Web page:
Security Bytes

Feb 2 2010   1:36PM GMT

Chinese hacker says most are not skilled coders

Robert Westervelt Robert Westervelt Profile: Robert Westervelt

Automated tools fuel rise in less savvy hackers. How much do they really profit?

The New York Times managed to track down and interview a China-based hacker, offering a glimpse into what it says is a thriving hacking community there. The headline says “Hacking for Fun and Profit in China’s Underworld.” But there’s no real evidence of profit.

David Barboza’s description of the hacker, who goes by the name Majia, lives up to the old-school hacker stereotype: He’s young. He seems to be in it for the fame and he lives in a dingy apartment. He has a government job by day and at night spends long hours checking the statistics on his automated tools and time seeking out website vulnerabilities to crack into business websites in China and other countries to steal sensitive data or to install a malicious script to expand the scope of his automated attack tool’s reach. He claims to be making a lot of money. But then Barboza tells us this:

Majia lives with his parents, and his bedroom has little more than a desktop computer, a high-speed Internet connection and a large closet. The walls are bare.

Barboza found a very active community of hackers, willing to share and trade information. But the hacker Majia admits that today most hackers aren’t very skilled at all. We’ve been reporting on SearchSecurity about the rising level of automated attack tools making it relatively easy for non-technical people to become cybercriminals.

Last summer new research emerged painting a picture of the economics driving many underground black hat hacker communities. Security researchers Cormac Herley and Dinei Florencio found that there are far too many people attempting to make money phishing for passwords, account numbers and other sensitive data. While the picture isn’t exactly crystal clear and their work centered around automated phishing tools, it appears that a majority of the money being made in cybercriminal activity are by a handful of individuals. It’s like a pyramid scheme. The most skilled hackers are at the top. They create and sell (also rent) the automated tools to the minions below them. Those in the lower levels of the pyramid are often exposed to data stealing malware themselves. There’s a lot of infighting. There’s a lot of grandstanding. Most hackers need to prove themselves as legitimate.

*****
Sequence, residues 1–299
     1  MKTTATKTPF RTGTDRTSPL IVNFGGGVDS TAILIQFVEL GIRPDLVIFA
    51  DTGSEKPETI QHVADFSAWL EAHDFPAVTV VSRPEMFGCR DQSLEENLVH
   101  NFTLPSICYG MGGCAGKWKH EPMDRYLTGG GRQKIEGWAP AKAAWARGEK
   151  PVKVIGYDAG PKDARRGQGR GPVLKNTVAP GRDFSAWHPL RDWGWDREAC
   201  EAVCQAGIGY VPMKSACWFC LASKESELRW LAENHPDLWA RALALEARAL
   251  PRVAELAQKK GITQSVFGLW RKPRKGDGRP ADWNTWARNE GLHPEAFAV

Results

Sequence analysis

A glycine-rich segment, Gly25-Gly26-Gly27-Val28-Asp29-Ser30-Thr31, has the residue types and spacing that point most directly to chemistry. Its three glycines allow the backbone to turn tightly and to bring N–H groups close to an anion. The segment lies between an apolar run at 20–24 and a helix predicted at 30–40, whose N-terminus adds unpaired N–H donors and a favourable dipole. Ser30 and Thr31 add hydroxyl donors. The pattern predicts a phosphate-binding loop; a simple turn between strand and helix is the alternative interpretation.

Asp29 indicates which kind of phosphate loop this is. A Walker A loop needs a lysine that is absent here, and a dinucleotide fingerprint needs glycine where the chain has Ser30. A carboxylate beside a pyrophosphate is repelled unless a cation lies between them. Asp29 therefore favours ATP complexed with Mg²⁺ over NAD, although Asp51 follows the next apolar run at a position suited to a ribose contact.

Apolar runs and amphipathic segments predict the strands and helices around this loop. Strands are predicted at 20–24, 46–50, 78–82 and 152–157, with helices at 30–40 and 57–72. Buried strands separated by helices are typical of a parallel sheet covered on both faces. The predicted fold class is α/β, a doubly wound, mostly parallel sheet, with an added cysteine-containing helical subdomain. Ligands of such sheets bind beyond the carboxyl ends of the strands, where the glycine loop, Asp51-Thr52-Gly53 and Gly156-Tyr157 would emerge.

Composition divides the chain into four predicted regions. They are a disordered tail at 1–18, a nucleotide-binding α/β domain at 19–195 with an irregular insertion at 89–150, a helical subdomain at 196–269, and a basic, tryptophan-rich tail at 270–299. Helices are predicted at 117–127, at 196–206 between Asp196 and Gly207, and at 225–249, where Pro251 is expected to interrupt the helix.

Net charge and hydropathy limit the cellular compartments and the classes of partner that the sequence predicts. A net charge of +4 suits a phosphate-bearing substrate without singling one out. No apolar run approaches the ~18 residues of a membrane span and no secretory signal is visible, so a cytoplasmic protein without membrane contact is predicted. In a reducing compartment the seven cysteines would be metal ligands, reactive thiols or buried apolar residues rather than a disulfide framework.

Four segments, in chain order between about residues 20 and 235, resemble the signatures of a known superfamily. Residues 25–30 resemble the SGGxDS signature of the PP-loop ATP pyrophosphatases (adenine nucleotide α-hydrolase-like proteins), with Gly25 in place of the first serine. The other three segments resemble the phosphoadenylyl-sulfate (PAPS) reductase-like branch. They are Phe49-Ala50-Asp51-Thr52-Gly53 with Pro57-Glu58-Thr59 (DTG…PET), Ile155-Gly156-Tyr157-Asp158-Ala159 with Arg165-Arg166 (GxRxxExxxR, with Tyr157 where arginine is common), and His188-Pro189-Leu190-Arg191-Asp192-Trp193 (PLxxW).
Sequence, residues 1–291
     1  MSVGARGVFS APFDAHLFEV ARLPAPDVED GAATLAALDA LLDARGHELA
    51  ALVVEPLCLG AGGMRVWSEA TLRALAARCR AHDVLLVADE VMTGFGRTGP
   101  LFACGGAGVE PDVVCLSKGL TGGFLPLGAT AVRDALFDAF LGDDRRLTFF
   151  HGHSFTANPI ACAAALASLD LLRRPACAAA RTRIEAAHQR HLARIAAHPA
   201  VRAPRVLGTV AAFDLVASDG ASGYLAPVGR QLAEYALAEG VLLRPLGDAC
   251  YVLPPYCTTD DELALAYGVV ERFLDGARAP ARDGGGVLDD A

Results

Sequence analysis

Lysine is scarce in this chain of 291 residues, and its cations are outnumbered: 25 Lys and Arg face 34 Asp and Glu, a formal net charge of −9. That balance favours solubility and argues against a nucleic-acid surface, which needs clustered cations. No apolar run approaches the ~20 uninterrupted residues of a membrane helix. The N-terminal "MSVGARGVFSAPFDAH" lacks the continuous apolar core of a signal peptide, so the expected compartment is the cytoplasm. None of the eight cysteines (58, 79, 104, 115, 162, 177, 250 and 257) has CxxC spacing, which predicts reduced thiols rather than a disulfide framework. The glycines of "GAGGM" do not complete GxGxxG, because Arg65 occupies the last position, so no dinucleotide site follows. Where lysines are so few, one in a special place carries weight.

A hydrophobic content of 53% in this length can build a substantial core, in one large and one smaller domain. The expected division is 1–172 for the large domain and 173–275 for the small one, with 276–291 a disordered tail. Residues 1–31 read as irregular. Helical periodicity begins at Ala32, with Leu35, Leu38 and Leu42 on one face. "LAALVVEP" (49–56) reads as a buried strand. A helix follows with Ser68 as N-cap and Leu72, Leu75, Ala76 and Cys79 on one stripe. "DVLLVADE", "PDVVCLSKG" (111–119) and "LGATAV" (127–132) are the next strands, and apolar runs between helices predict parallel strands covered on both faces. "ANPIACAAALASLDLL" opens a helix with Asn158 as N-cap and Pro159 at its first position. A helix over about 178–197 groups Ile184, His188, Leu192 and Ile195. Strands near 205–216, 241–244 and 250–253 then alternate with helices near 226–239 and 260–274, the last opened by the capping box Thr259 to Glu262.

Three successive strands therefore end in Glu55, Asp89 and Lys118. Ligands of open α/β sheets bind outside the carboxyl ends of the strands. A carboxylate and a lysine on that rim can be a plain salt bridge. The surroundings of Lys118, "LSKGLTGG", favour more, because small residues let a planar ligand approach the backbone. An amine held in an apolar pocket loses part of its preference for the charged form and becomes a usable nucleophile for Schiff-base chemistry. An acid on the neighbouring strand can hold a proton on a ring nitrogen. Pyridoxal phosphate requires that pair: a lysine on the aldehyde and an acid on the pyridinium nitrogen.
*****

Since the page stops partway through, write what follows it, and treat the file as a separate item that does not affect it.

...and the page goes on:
“Some people probably try it for a while, don’t make much, and then wander off to try something else,” Herley told me at the time. “Breathless stories about ‘easy money’ probably ensures enough new entrants to keep the phenomenon going.”

More research needs to be done to get a clearer picture. Security researchers Billy Rios and Nitesh Dhanjani, who infiltrated the underground phishing market in 2008, agreed with the main points of Herley and Florencio’s assessment: The total annual losses associated with phishing at $61 million. Much less than the $3.2 billion estimated by Gartner Inc.

Unless he’s investing his earnings in a retirement fund, the hacker Majia is far from the top of the hacking pyramid. That’s why he’s living with his parents in a dingy apartment in one of China’s poorest neighborhoods.

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